- Assessing an organisation’s actual culture against what it states to be its culture, and the danger of “shadow values” emerging.
- How to decide what to do if your ethical basis is inadequate.
- The importance of leadership in establishing and reinforcing the culture.
- The tendency of an organisation’s key measurements to fail to measure its performance against ethical values and standards.
The report is imbued with fundamental concepts and practical examples of what “ethical” means in organisational environments; particularly in environments where “winning” is important.
Readers looking to improve their understanding of ethics in business or professional life will find themselves asking, and answering, how their own organisation would look if examined under the lenses applied in this report.
Lastly, for anyone interested in sport, this is a fantastic read!
The Smartest Guys in the Room by Bethany McLean and Peter Elkind
This is the story of the rise and fall of the energy trading company Enron, which collapsed in 2001 after the discovery of significant accounting scandals in the organisation. It is a study of the consequences of unethical decision-making and self-interest that envelop the culture of an entire organisation. The fallout from these events – and other scandals around the same time – have had a material impact on financial reporting practices and audit protocols globally. While the scale and extent of the poor decision-making can sometimes appear extreme, it is helpful to reflect on how such a culture was normalised and accepted, not only within Enron but in other related organisations.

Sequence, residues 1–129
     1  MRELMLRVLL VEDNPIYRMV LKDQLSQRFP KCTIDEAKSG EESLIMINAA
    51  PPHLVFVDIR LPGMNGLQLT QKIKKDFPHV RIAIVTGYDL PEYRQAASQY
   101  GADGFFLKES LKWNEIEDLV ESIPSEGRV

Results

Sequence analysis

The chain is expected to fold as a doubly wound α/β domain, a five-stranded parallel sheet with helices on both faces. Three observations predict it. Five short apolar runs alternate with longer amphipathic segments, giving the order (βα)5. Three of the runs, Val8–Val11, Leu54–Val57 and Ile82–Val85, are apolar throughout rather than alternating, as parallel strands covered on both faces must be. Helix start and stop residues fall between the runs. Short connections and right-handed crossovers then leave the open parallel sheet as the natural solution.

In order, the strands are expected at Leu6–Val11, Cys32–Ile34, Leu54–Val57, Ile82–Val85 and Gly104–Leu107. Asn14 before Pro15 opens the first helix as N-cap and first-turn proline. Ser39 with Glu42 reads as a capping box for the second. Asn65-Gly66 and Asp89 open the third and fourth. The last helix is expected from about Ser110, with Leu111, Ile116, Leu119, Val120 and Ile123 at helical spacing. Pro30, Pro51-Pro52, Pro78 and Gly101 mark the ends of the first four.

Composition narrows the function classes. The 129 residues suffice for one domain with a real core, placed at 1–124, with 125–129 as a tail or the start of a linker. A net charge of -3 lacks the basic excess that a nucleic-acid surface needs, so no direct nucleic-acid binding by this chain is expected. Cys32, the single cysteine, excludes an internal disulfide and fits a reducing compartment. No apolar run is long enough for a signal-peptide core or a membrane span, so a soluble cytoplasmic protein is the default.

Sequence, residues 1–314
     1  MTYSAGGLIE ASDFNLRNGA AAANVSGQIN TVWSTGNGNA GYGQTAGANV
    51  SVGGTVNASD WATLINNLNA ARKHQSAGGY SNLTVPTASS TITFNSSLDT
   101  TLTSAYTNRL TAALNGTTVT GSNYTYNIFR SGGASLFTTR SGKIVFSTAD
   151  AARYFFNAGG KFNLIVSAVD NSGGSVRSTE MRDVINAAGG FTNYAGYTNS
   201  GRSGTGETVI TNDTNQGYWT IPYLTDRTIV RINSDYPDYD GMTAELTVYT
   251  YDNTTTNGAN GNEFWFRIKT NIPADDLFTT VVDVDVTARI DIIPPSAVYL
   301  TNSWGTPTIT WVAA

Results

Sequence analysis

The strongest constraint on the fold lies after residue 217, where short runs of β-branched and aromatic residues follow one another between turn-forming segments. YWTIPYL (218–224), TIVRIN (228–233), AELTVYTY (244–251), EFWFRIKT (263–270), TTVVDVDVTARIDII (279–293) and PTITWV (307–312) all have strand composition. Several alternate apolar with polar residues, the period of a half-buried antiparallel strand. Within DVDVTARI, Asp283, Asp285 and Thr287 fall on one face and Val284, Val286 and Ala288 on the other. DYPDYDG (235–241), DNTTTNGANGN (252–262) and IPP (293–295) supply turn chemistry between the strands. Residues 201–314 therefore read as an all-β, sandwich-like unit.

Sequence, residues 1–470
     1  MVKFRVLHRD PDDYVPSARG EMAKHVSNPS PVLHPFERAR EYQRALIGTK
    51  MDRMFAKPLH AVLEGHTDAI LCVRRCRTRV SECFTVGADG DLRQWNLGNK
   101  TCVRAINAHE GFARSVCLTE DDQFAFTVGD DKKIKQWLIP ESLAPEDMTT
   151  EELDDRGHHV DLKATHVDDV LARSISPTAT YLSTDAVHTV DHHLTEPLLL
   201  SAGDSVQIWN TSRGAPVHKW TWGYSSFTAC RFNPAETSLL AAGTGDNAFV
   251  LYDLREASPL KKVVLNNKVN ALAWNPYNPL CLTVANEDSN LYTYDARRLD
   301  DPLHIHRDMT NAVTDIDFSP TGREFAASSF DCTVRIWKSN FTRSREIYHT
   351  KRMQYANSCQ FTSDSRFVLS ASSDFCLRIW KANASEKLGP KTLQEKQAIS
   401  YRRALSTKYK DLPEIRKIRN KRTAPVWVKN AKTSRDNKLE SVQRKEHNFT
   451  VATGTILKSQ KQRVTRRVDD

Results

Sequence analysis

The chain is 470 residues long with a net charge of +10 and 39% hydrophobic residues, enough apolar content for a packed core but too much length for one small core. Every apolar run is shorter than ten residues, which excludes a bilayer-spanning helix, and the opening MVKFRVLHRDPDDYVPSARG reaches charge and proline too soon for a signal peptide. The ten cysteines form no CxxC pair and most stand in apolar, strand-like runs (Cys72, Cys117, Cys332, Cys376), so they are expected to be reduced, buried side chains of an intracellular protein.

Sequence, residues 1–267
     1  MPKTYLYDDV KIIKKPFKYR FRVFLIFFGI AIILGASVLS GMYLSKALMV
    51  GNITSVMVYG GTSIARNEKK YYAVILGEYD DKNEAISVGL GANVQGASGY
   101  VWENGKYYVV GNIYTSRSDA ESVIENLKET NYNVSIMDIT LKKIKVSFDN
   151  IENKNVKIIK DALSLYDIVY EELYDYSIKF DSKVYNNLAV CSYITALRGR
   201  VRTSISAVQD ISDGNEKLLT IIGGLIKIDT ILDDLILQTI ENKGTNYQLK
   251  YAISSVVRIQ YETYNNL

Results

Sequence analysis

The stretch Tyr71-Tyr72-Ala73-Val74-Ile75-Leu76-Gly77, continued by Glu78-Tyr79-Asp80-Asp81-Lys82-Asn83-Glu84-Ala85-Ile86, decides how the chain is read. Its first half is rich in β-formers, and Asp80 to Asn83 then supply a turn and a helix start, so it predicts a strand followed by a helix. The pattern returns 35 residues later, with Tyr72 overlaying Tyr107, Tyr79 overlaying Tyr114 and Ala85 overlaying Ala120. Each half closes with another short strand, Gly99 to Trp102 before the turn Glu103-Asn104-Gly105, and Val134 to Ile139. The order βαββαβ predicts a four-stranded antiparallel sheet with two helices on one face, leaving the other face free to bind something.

The Origins of Ethical Failures by Dennis Gentilin
How does uncontrollable unethical behaviour in a prison experiment relate to your role in modern business?
In this thought-provoking book, Dennis Gentilin offers a unique perspective on the origins of ethical failures. Gentlin emphasises the importance of leadership in promoting ethical behaviour and creating businesseses that are more resilient to unethical conduct. He stresses the need for business to foster a culture of ethical behaviour where employees feel comfortable sharing their concerns.
The book highlights the limitations of traditional approaches used to address ethical failures, which often focus on individual wrongdoing rather than systemic issues within a business. Gentilin proposes that a more effective approach would be to focus on creating a business that is more resilient to ethical failure, rather than to simply punish individuals who engage in unethical conduct.
This book is an essential read for professionals interested in promoting ethical leadership and preventing ethical failures. It provides valuable insights into the origins of unethical behaviour and offers practical guidance for building business that are more resilient to such behaviour.
Do you have a favourite book, resource or podcast that has helped you to make better ethical decisions? Share your recommendations here!
CPD: Actuaries Institute Members can claim two CPD points for every hour of reading articles on Actuaries Digital.